From the Editors Weblog
The Wall Street Journal has just unveiled a redesigned WSJ.com - the first overhaul since 2008. It may be a case of "playing a game of digital catch-up" with competitors but mobile is clearly now forefront of mind. Former managing editor at Mashable, Emily Banks is now lead news editor for mobile at The Wall Street Journal. In this interview* with Angelique Lu, she talks about her new role, wearables, the Apple Watch, chat apps, automation and what 2016 holds for mobile news.
It’s never easy to single out one winner or publisher in a multi-category awards competition, and this year’s European Digital Media Awards is a good case in point, so I will take the high road. One common denominator is clear, however: each winner consistently said the commitment and involvement from numerous parts of their organisations was a major key to their success.
US politics and policy news site POLITICO has today launched in Europe. Based in Brussels, the new European site will cover 'policy and politics for their own sake' as part of their long term global expansion strategy. Politico Editor-at-Large Bill Nichols spoke to Angelique Lu about the move into Europe in partnership with Axel Springer, and how they're navigating the multicultural and multilingual European landscape.
Andy Mitchell, Facebook’s director of of news and global media partnerships, arrived at the (superb) International Journalism Festival in Perugia last week to speak about news on Facebook. Thirty per cent of American adults get their news via Facebook (27% in the UK); 88% of millennials in the US do so (71% in Italy). Each month, 1.4bn use Facebook. That makes Mitchell one of the most – if not the most – powerful news distributor on the planet, writes George Brock, Professor of Journalism at City University, London, in this guest post.
Martin Baron, executive editor of The Washington Post, recently gave the 2015 Hays Press-Enterprise lecture at the University of California on journalism's move from print to digital. Here are 14 highlights from the speech.
While debates about the ethics of User Generated Content (UGC) roll on, it's time to focus on the next big challenge: leveraging User Generated Data. UGD is an idea being explored by Fergus Bell. In this guest post, he outlines his tips for editors keen to do more with audience data, and highlights the early emerging ethical challenges.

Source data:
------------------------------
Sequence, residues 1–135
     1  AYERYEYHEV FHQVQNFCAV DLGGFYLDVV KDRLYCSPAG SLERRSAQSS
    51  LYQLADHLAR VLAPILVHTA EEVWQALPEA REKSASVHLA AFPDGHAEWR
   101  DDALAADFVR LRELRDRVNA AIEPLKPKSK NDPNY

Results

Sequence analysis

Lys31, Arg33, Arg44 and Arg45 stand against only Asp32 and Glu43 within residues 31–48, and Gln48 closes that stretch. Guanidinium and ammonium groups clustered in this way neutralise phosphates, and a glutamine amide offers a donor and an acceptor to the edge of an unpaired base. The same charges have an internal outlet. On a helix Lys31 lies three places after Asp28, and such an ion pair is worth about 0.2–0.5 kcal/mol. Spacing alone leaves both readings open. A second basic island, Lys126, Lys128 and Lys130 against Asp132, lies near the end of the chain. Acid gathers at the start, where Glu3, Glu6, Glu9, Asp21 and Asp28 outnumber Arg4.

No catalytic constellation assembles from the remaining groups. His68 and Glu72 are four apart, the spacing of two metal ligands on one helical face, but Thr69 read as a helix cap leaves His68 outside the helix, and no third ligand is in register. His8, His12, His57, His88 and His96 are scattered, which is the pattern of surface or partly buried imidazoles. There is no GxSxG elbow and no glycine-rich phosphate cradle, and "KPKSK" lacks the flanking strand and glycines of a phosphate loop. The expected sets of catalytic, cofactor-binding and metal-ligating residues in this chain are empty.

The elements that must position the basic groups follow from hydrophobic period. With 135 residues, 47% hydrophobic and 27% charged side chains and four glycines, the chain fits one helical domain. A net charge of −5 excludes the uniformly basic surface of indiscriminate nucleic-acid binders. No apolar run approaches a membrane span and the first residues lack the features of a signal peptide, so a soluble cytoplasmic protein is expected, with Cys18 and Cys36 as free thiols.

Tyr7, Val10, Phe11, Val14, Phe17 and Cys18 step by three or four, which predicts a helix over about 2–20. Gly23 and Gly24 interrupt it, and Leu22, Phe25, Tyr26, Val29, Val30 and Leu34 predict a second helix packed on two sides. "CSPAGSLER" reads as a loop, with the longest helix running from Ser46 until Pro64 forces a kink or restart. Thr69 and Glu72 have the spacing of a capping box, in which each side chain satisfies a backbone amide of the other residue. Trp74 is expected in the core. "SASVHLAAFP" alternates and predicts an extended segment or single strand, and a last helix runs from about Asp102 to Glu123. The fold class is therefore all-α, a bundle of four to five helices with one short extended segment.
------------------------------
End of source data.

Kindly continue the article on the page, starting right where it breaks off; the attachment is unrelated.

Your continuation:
The Apple Watch has brought renewed buzz (and mixed reviews) to the wearables discussion, with news executives watching to see what publishers do with the device. New York Times R&D lab's Executive Director Matt Boggie looks beyond the release of a single device to the future implications of small screen technology.
At a breakfast at its London headquarters Editor-in-Chief Richard Addis unveiled a strategy to grow the European audience through investments in redesign and a focus on quality and longform reporting.
Gannett has become an industry leader in virtual reality story telling and its flagship newspaper USA Today is embracing the technology with strategic purpose. Editor-in-Chief David Callaway says the growing use of VR in news is a natural progression from the widespread uptake of video in online content and it’s about to take off. Callaway spoke to Angelique Lu.
"News doesn’t belong on paper anymore," says Samir A. Husni, Professor and Hederman Lecturer, Magazine Innovation Center, The University of Mississippi, USA. "My daily newspaper must remain daily, but the content must become weekly on a daily basis. And that’s what we’re seeing with magazines; all the successful ones are becoming monthlies on a weekly basis."
"News publishing is diverging along two very different tracks," says Kerry J. Northrup, a career journalist and media executive who specialises in prototyping the future of journalism. They are "the editorial services industry and experiential news media. They have different business models, different content models, and two very different newsroom models. That's the key difference to be looking at in newsrooms going forward."
There has been a significant increase in threats to Paris newsrooms following January's Charlie Hebdo attack, according to the Director General of France's TV5 Monde. An international Francophone broadcaster, the network is one of the most identifiably vulnerable media groups in the aftermath of the newsroom massacre, in which 12 people were killed. Julie Posetti reports.